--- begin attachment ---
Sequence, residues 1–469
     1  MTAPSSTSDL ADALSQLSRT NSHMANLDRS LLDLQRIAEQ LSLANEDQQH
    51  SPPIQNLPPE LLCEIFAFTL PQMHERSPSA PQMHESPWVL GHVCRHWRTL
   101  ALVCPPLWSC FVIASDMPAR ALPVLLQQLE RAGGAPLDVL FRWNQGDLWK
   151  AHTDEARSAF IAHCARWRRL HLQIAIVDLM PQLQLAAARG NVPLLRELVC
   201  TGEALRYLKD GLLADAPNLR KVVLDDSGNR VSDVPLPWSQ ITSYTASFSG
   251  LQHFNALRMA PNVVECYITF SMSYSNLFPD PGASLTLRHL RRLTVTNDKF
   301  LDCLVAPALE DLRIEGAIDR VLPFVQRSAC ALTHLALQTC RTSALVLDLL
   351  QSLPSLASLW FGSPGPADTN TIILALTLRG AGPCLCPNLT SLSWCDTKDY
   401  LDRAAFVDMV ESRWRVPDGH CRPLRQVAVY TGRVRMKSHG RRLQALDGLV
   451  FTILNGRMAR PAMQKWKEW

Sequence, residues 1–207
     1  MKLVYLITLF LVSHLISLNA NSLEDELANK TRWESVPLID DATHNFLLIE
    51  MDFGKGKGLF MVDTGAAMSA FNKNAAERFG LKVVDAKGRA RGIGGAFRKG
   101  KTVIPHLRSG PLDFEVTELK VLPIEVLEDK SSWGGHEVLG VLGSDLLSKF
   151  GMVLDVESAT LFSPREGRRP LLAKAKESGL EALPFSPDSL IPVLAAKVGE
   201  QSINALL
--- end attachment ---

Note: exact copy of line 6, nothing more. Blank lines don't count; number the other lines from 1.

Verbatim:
   201  TGEALRYLKD GLLADAPNLR KVVLDDSGNR VSDVPLPWSQ ITSYTASFSG